New employment law changes announced by the Government

May 17, 2023

On 10 May, in its policy paper Smarter Regulation to Grow the Economy, the Government has made some announcements that impact employment law. The changes are intended to create a more competitive and productive economy by reducing unnecessary and burdensome existing regulation which impedes competition or acts as a block on innovation.

Significantly, the sunset clause in the Retained EU Law (Revocation and Reform) Bill will be replaced with something that reverses the Government’s initial proposal. The sunset clause, which provided that EU law would be automatically revoked on 31 December 2023 unless expressly retained, will be revoked and, by stark contrast, in its place, the retained EU law will now continue in force unless the Government specifically legislates to repeal or amend it.

The following three new measures have been announced:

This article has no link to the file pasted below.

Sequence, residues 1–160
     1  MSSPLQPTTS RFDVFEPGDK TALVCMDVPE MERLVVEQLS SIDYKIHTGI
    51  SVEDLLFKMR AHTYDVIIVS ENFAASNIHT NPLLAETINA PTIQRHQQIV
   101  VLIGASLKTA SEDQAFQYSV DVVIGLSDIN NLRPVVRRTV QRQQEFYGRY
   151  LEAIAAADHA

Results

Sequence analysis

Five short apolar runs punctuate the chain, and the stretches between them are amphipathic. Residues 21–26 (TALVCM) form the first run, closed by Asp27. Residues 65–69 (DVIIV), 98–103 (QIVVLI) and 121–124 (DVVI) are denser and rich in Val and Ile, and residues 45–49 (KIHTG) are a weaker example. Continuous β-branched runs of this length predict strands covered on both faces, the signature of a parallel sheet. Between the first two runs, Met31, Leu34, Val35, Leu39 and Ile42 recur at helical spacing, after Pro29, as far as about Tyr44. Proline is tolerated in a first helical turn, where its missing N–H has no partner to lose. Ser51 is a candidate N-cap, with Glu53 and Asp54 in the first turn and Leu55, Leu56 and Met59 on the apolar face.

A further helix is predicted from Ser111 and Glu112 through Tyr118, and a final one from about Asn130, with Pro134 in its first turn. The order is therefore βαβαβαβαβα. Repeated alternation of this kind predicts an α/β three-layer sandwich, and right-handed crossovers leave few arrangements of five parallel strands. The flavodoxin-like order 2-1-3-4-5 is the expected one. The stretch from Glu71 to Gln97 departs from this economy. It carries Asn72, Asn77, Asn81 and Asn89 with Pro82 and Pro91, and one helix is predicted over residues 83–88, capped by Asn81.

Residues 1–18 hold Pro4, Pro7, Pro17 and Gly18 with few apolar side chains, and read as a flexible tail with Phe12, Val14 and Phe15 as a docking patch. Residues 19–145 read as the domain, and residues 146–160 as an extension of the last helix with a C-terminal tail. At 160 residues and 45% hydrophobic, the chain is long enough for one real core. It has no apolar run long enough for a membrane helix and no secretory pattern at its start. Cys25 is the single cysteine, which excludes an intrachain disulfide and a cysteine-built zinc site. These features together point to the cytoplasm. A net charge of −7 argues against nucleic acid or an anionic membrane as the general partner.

•Reducing Working Time Regulations reporting burdens: The Government considers that these regulations, derived from EU legislation, whilst providing valuable protection to workers, place disproportionate burdens on businesses, specifically recording working hours and increased administration. The new proposals include removing retained case law in this area as well as reducing the administrative burden and complexity of calculating holiday pay by introducing rolled up holiday pay and merging the two separate leave entitlements currently in place.

Simplifying regulations on TUPE transfers: The Government considers that the rules on TUPE can be simplified without changing employee rights. Under current rules, there is an obligation to consult with elected representatives on all TUPE transfers, unless the employer has fewer than 10 employees. The Government will consult on removing these requirements for employers with fewer than 50 employees and transfers of fewer than 10 employees.

•Reforming non-compete clauses: The Government intends to legislate to limit the length of non-compete clauses to three months to provide employees with more flexibility to join a competitor or start up a rival business after they have left a position, without interfering with the use of paid notice periods, gardening leave, non-solicitation clauses or confidentiality clauses.

For further information, please contact JD Ghosh or Stuart James or Paul Norris.

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